Would those who have used the modified Canon ee-S screen please comment about any affect on exposure metering? I am still unclear on this. Is there no impact, period? Is there an impact only on lenses above or below a certain maximum aperture? Or is there an impact to all lenses regardless of aperture?
With slowish lenses (>f4) I usually dial in +1/3 or +2/3 EV exposure compensation. This gives me the same exposure as LV metering would. I also always shoot raw, use the highlight correction and prefer to err on the under-exposure side. With fast lenses (<f2.8) the exposure tends to be spot on.

07-03-2013, 10:09 AM   #579
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QuoteOriginally posted by kh1234567890 Quote
With slowish lenses (>f4) I usually dial in +1/3 or +2/3 EV exposure compensation. This gives me the same exposure as LV metering would. I also always shoot raw, use the highlight correction and prefer to err on the under-exposure side. With fast lenses (<f2.8) the exposure tends to be spot on.
Thank you. I appreciate that. Just to be sure, this is with the K-5 correct?

Anybody have a different experience (especially with a K-30)?

I am thinking a Canon ee-S screen will be a gift to myself later this year. I am comfortable as to the improvement when focusing with a fast manual lens, and believe there is a minimal impact with my relatively slower AF lenses (my DA 18-135 and F 35-70 are still my most used lenses), but not yet comfortable with what might happen to exposure metering. I don't want to spend this much on an unhappy experiment.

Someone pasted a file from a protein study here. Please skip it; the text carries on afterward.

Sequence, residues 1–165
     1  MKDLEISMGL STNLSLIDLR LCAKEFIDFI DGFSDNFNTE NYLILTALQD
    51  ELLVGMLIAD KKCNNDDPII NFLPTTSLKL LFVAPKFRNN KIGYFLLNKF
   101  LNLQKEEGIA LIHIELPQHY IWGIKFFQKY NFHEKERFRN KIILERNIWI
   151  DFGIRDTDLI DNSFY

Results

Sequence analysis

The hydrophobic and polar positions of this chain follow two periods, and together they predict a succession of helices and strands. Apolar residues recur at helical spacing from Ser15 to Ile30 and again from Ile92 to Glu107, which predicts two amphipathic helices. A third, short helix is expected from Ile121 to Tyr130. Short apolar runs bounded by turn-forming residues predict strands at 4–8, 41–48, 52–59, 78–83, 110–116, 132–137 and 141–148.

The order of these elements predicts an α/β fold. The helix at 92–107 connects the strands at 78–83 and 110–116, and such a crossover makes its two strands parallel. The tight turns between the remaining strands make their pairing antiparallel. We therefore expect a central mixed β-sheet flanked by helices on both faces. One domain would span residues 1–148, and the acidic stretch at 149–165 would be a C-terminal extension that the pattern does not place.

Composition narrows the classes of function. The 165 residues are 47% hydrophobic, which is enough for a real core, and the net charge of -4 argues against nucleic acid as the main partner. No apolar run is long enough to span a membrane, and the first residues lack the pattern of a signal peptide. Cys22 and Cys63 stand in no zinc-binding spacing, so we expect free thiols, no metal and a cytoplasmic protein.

07-03-2013, 12:43 PM   #580
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QuoteOriginally posted by toukan Quote
With a K-5II, will I still be able to see sufficiently in low light to be able to focus? Also, how do I indicate on focusingscreen.com that i need one sized for the K-5II.
1. Yes. Effect will probably be most noticeable on the 18-135, but I still doubt it would be a deal-breaker for you.

2. K-5 and K-5II are identical, focusing screen-wise.
07-03-2013, 12:49 PM   #581
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QuoteOriginally posted by JimJohnson Quote
Thank you. I appreciate that. Just to be sure, this is with the K-5 correct?

Anybody have a different experience (especially with a K-30)?

I am thinking a Canon ee-S screen will be a gift to myself later this year. I am comfortable as to the improvement when focusing with a fast manual lens, and believe there is a minimal impact with my relatively slower AF lenses (my DA 18-135 and F 35-70 are still my most used lenses), but not yet comfortable with what might happen to exposure metering. I don't want to spend this much on an unhappy experiment.